The Cimarron River flows about 698 miles from Colfax County, New Mexico, into Colorado, then into Oklahoma's northwest panhandle before entering Kansas then back down into and accross northwestern Oklahoma, and on down to Keystone Lake where it joins the Arkansas River just west of Tulsa. The section best suited for paddling flows some 90 miles west to east from US Highway 77 in Logan County to SH 51 above Keystone Lake. The river is wide and flat, with any obstacles easily avoided. The only place on this stretch of the river that could be dangerous is the double bridge at Interstate 35, and only at medium to high flow rates (low flows being 500 cfs, and high flows being 10,000 cfs.) At levels below 500 cfs at Guthrie hunting the channel becomes a challenge, easily increasing a 20 mile trip by 3 or 4 miles.
The water is slightly murky to blood red, depending on the flow rate. After heavy rains, the banks become muddy when the river drops, but even then clean sand can be found for pit stops or campsites. The best time to run the Cimarron is spring or fall, because the river is dependent on run off from recent local rains. The river has rock outcrops and scenic vistas, with wildlife abundant and people few and far between. The most scenic part of this section of the river is between SH 18 in Payne County and SH 48 in Creek County. In the spring the catfish bite on crawdads at night, and the sandbass and spoonbills make their runs. In late September, the pelicans move onto the river in the hundreds, with the bald eagles showing up in mid October. Camping on the river is rarely a problem because of the numerous sand banks and bars, even at 10,000 cfs. When camping on sand bars keeping an eye on the weather is a must.
Logan, Payne and Creek Counties in northcentral Oklahoma, starting just north of Guthrie in Logan County, flowing past Stillwater in Payne County and emptying into Keystone Lake just west of Tulsa in Creek County.
Dallas 245 miles; Austin 435 miles; San Antonio 520 miles; Houston 490 miles; Oklahoma City 40 miles; Tulsa 100 miles; Little Rock miles; Kansas City miles; Albuquerque miles; Phoenix miles; Denver miles; Salt Lake City miles (all distance are approximate depending upon starting point, destination at the river and route taken.)
Water quality is generally murky, turning blood red from mud after local rainfall. Flow is best between 500 cfs and 10,000 cfs in spring and fall months. The water in the Cimarron River is not potable, even with purification, due to an excessively high salt content. Be sure to bring your own water for drinking, cooking or other personal uses.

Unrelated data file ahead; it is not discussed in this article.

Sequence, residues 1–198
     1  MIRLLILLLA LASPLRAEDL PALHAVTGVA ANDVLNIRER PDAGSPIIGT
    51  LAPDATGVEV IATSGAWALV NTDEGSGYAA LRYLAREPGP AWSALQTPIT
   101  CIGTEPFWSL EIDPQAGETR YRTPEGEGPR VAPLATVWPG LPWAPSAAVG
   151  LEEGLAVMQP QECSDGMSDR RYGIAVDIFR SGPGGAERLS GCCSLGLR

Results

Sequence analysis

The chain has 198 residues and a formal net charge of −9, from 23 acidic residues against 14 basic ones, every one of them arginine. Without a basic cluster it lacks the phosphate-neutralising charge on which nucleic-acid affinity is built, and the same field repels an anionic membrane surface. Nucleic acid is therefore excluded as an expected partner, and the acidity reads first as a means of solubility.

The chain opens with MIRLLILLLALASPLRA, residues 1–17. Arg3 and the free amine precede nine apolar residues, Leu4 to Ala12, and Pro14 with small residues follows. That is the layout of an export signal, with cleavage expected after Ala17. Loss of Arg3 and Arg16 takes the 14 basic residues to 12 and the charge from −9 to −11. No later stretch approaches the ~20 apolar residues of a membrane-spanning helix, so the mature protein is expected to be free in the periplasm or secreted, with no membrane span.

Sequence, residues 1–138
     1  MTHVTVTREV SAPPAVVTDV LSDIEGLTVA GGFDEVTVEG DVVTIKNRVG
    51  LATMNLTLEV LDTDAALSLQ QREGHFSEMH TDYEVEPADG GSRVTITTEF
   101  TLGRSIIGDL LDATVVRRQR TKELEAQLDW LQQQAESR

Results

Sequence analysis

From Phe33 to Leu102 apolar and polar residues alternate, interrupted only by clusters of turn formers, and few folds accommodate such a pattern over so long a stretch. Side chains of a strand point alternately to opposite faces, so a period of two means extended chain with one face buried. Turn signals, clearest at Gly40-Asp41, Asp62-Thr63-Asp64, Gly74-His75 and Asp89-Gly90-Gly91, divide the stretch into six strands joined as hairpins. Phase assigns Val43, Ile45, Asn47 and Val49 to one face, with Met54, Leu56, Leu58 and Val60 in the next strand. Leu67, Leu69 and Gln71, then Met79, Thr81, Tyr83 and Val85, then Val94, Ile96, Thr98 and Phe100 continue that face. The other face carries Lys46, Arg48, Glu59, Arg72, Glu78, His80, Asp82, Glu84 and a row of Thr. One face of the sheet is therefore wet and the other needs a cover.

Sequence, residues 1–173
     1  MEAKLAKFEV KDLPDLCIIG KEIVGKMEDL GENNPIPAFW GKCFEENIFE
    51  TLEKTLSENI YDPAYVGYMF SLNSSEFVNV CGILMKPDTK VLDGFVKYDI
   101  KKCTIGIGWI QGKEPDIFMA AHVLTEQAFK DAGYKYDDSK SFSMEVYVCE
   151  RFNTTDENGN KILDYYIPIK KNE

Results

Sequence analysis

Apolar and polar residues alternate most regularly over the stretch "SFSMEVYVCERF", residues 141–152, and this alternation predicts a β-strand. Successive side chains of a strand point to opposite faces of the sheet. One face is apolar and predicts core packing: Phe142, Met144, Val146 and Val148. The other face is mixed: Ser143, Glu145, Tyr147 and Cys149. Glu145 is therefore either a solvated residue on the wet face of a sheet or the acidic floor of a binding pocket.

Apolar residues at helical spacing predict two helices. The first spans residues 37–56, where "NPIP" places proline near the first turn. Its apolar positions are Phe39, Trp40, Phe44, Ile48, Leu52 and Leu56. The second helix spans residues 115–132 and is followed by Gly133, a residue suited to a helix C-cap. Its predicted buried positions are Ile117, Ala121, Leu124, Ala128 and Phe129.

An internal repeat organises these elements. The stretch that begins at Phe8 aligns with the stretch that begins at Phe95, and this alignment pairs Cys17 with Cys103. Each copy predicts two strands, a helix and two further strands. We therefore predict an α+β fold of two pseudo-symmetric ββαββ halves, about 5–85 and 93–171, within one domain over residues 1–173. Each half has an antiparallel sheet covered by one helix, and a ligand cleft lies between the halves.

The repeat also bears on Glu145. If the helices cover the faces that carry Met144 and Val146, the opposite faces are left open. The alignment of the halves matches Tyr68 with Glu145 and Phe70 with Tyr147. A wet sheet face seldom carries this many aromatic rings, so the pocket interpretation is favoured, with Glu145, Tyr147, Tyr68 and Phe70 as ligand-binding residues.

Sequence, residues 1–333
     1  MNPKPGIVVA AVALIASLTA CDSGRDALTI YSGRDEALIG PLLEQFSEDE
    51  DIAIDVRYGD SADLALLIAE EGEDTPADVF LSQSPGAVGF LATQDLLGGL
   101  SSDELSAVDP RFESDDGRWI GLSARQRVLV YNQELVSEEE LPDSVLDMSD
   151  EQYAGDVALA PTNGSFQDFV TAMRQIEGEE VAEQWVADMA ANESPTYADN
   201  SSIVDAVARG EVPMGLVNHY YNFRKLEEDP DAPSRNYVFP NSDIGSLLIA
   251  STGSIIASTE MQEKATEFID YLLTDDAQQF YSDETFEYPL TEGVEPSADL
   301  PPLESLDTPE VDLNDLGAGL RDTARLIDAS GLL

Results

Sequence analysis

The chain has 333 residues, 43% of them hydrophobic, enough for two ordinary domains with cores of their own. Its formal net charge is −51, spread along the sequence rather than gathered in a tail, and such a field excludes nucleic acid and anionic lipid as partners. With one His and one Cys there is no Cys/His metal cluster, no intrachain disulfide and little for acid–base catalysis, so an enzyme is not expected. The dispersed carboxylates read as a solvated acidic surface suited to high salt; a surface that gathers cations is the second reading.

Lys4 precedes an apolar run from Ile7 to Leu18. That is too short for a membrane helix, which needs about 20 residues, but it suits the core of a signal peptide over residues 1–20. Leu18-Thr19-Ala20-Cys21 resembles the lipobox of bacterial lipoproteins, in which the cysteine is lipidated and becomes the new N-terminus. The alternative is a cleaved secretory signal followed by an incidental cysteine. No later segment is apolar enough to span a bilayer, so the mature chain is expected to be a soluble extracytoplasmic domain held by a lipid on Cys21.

Most people prefer Spring and Fall because of usually higher flows and milder temperatures. The river is dependent upon run-off from local rains within the drainage basin, so it may run high and fast, moderate and smooth, slow and meandering or not at all according to what Mother Nature decides to give us.
There are no major hazards, and no rapids, on the Cimarron River. Downed trees and debris can become obstacles, especially after floods, but the width of the river usually allows for safe passage around them.
US Highway 77 bridge at 0.0 miles; SH 33 bridge (at Coyle) at 18.5 miles; US Hwy 177 bridge (at Perkins) at 32.5 miles; SH 33 bridge (south of Ripley) at 40.5 miles; SH 108 bridge (north of Ripley) at 43.5 miles; SH 18 bridge (north of Cushing) at 59.5 miles; SH 99 bridge (at Oilton) at 83.0 miles; SH 51 bridge at 90.0 miles.
There are no commercial or private campgrounds operating along the Cimarron River. However, there are abundant sandbars in and along the banks of the river that are suitable for primitive campsites or rest stops.
There are no commercial liveries or shuttle services operating on the Cimarron River. Plan on bringing your own boats and arranging your own shuttles. Access is adequate, though parking at public access rights-of-way will be limited, and frequently remote. Be sure to secure anything of value (it is best not to leave valuables in cars parked at remote locations on this, or any, river!)
The Cimarron River is a little traveled, but very scenic river flowing through historic Oklahoma Native American lands. It is characterized by the typical red clay soil indigenous to Oklahoma, a source of the red color that is often seen in the waters of the Cimarron. With several access points for putting in or taking out, the Cimarron offers several trips of varying lengths as well as a multi-day trip covering the entire 103 miles. Avoid the dog days of summer, when flows will be low and dragging or carrying boats and gear may be necessary. Even though the final take-out at the SH 48 bridge is somewhat difficult, the scenery on the lower 43.5 miles between SH 18 in Payne County and SH 48 in Creek County is the most beautiful section to paddle because of natural vegetation, geological formations and remoteness.